SCOTT SIMON, HOST:
The small cabinets on the wall in airports, schools, many government buildings hold heart defibrillators. Now the Veterans Administration is looking to add something else to those cabinets - nalaxone, also known as Narcan, the drug that can reverse an opioid overdose. It's all part of a project out of Boston, as WBUR Martha Bebinger reports.
MARTHA BEBEINGER, BYLINE: It was at least 10 minutes from the time a housekeeper found a man on the bathroom floor in a Boston VA building to the time paramedics arrived with naloxone and brought the man back from an opioid overdose. Brain damage can begin after just five minutes without breathing.
Pam Bellino is a patient safety manager for the Boston VA. She read the incident report back in December 2015 with alarm.
PAM BELLINO: That was the tipping point for us to say, we need to get this naloxone immediately available without locking it up. And we're going to put it in our AED cabinets. And we're going to equip our police with naloxone.
BEBEINGER: Equipping police with nasal spray naloxone is becoming more common across the country. But there's resistance to making the drug available in public. Bellino has heard from critics who say easy access to naloxone gives drug users a false sense of safety.
BELLINO: Think of this as you would a seatbelt or an airbag. It by no means fixes the problem. But what it does is it's there to save a life.
BEBEINGER: And it's a tool, Bellino says, that veterans desperately need. She cites a study from the Ann Arbor VA that shows veterans are at nearly twice the risk of civilians for an overdose. The lead author on that research, Amy Bohnert, says it isn't clear why, but many veterans do have complex medical conditions.
AMY BOHNERT: Some of that's related to combat exposure. They've got mental health treatment needs. They may have injuries that result in them being more likely to be prescribed opiates than your average person, and all of these things can impact their risk of overdose.
BEBEINGER: The idea of including naloxone and more in AED cabinets is spreading. The University of Rochester provides tourniquets to stop catastrophic bleeding and, in July, added naloxone.
Dr. Jeremy Cushman says some schools and employers also pack Epipens into their AED cabinets. And there's talk of adding injectors to treat diabetic shock.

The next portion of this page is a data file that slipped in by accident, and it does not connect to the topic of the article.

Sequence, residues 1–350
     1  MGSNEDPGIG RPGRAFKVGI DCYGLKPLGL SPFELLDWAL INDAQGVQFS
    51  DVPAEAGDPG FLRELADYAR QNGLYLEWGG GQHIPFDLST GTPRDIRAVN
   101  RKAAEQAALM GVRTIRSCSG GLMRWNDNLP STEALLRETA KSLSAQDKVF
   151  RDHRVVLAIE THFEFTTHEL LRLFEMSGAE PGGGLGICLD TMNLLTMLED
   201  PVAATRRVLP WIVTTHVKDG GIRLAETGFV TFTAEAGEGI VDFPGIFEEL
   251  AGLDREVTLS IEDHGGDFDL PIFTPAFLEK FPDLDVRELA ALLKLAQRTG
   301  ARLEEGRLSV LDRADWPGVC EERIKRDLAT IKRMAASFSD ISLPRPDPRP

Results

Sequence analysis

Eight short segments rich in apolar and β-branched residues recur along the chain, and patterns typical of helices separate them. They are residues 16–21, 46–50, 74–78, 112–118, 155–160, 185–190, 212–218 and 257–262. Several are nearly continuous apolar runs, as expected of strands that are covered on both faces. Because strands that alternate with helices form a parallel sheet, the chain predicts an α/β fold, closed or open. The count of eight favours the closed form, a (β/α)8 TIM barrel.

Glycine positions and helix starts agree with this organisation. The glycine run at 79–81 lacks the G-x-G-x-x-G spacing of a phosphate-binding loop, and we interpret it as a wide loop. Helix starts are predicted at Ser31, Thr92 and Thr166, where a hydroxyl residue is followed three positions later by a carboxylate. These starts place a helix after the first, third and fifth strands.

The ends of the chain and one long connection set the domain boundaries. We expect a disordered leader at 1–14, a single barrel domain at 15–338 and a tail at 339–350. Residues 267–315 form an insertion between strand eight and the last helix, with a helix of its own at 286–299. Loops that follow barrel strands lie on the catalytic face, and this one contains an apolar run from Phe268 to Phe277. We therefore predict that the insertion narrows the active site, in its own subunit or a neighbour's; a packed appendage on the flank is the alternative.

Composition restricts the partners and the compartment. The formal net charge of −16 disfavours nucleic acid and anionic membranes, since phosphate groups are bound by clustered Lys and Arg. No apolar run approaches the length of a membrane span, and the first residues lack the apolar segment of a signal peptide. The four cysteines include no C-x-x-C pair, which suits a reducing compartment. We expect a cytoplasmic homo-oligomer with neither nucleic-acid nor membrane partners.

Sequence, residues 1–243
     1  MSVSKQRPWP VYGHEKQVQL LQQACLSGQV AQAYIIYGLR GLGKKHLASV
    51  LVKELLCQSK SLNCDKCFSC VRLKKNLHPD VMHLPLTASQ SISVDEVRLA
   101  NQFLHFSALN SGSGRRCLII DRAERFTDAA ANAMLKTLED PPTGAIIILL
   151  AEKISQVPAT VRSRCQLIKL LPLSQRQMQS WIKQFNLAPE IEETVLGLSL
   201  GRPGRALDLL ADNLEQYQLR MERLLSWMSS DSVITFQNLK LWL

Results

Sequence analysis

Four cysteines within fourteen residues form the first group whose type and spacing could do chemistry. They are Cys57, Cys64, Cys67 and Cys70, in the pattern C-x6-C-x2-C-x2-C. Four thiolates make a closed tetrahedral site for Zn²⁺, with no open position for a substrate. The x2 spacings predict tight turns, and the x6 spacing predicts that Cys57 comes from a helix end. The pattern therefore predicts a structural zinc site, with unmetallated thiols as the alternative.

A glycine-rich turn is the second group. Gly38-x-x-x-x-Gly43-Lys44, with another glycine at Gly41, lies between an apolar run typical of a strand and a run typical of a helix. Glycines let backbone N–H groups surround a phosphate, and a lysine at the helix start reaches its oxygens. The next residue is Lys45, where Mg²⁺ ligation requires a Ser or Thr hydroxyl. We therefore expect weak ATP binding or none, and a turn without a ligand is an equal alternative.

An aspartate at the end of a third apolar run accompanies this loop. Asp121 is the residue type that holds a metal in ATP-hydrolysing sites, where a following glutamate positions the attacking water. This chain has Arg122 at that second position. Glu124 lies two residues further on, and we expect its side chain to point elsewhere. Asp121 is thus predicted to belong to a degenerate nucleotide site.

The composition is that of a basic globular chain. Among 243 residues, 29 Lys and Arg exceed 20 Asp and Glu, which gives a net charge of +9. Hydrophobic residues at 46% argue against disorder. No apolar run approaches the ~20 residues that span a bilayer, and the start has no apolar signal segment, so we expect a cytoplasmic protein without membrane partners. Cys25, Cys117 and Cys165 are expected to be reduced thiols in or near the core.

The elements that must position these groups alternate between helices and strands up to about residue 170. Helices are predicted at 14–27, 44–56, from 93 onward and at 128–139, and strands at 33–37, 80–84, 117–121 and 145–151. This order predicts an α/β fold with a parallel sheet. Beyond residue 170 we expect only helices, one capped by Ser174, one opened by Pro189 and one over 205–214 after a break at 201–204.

JEREMY CUSHMAN: That system is already in place. The question is, how can we leverage that system to save more lives?
BEBEINGER: There's another question - will the public know how to and feel comfortable using naloxone? Alan Kershaw, a Boston VA inpatient pharmacist, opens the door of an AED cabinet, which sets off a very loud emergency alert.
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ALAN KERSHAW: This is your Narcan kit. This is the instructions for use.
BEBEINGER: Kershaw reads from a laminated instruction guide that starts with calling 911 and then looking for signs of an overdose - no breathing, no response to a sternum rub and lips or fingernails turning blue.
KERSHAW: You'd unwrap the first dose of the naloxone, insert it in the nostril, depress the drug plunger. You'd roll that person over...
BEBEINGER: ...Onto their side so that if the man or woman vomits, they won't choke. Start CPR.
KERSHAW: If that person doesn't start breathing in two or three minutes, you roll them back on their back, get the second dose out of the package, insert that dose into the person's nostril, depress the drug plunger and then again roll them over for safety.
BEBEINGER: Giving naloxone to someone who hasn't had an overdose is not harmful. The VA says it hopes placing the kits in its buildings nationwide will become a model for other health care organizations. For NPR News, I'm Martha Bebinger in Boston.
SIMON: And this story is part of a reporting partnership with NPR, WBUR and Kaiser Health News.
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